- 1982 – First Application of IoT. Computer science grad students at Carnegie Melon University connected a Coca Cola vending machine to the Internet (ARPANET). To explain, the students put together this IoT solution for the purpose of checking the availability of coke cans. They did this because they did not want to take a long walk to the coke machine for nothing.
- 1999 – IoT Concept and Term Adopted By IT Community. Kevin Aston of Procter & Gamble, later of MIT’s Auto-ID Center, first coined the IoT term and concept. This become about because he viewed emerging radio-frequency identification (RFID) communications technology as essential to the widespread connection of IoT devices to the internet. For more details, see Wikipedia.
- 2020 And Beyond – Explosive Growth Driven By New Technology, Lower Costs. Globally, we are using billions of IoT devices today. Shortly, we will be using over a trillion devices for thousands of uses. Specifically, the drivers of this explosive growth are: 1) low cost, low-power sensor technology, 2) cloud computing platforms, 3) Artificial Intelligence and data analytics that is harnessing IoT “big data”. For more details on the drivers of IoT technology, click here.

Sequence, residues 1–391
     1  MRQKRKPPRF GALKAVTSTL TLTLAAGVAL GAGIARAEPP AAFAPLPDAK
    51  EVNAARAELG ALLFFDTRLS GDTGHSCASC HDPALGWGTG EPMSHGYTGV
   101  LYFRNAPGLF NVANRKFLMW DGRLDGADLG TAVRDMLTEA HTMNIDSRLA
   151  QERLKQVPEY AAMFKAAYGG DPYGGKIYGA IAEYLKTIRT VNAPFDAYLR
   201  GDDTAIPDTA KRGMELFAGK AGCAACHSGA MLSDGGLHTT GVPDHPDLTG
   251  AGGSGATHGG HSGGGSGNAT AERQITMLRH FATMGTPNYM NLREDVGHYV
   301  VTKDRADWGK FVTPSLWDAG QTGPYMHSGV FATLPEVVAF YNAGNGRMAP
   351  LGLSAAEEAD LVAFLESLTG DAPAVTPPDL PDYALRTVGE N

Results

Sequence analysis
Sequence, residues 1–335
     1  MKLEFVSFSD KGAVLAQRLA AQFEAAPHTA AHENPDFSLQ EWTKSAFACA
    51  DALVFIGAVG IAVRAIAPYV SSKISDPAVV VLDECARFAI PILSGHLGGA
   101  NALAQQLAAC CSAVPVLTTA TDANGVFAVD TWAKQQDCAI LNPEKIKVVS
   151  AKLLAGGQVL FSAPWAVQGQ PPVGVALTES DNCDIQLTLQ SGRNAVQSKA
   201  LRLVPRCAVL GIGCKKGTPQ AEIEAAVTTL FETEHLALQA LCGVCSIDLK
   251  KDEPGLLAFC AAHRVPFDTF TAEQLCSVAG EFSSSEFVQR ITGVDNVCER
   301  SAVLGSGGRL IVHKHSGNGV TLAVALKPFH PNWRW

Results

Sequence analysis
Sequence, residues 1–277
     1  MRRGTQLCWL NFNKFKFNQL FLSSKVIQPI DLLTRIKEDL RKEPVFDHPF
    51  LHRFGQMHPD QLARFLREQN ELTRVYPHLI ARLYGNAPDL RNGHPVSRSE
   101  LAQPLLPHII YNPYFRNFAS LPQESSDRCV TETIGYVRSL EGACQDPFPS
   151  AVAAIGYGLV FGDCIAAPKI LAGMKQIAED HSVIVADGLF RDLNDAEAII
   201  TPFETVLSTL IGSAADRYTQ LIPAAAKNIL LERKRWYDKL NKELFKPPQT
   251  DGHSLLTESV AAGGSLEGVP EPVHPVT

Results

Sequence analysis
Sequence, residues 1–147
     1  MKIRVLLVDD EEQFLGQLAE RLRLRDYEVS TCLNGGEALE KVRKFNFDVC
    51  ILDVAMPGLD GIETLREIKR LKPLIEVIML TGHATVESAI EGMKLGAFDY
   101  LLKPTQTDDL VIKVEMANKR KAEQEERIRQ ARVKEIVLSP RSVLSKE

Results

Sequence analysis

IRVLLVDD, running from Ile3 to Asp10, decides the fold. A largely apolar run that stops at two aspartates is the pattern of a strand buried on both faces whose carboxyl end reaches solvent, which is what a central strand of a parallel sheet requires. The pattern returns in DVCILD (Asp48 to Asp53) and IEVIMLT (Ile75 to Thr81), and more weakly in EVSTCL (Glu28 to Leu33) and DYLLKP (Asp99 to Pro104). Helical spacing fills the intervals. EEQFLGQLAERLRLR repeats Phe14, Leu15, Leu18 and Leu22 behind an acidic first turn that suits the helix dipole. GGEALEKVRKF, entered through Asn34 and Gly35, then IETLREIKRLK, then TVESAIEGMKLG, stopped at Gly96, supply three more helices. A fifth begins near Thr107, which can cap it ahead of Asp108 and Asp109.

Internet of Things Examples in the Transportation and Logistics Industry.
Businesses are widely using Iot technology across many industries, Also, all of us are using IoT devices today as in the case of our cell phone and with home automation. For a comprehensive list of industries with specific IoT use cases, click here. Specifically for the logistics and transportation industry, see below for 6 examples of IoT use cases.
1. Fleet Management – Enabling Visibility For Real-Time Decision-Making.
IoT is automating the process of collecting and recording data about fleet operations. Specifically this includes not only the vehicle location, but also things like tire pressure and coolant levels. Additionally, IoT devices are monitoring the status of truck loads as well as monitoring driver behavior and performance. Also, this real-time, detailed information is doing a lot more than just giving us visibility of fleet operations. Specifically, IoT solutions are lowering maintenance costs, lowering fuel consumption, improving regulatory compliance, and speeding up accident response. For more details on how IoT and other information technologies are revolutionizing fleet operations, click here.
Also, with cloud technology and readily available wireless data communications, fleet management systems are just not for the “big guys”. Now, any size fleet can take advantage of cloud software to help them manage their fleet. Additionally, these information management systems are data-rich and have many capabilities. Capabilities include the latest technologies such as predictive AI, IoT sensor devices, BI dashboards and machine vision to name a few.To detail, see my article Private Fleet Management System (FMS): When You Need Vs TMS, How To Make Selection.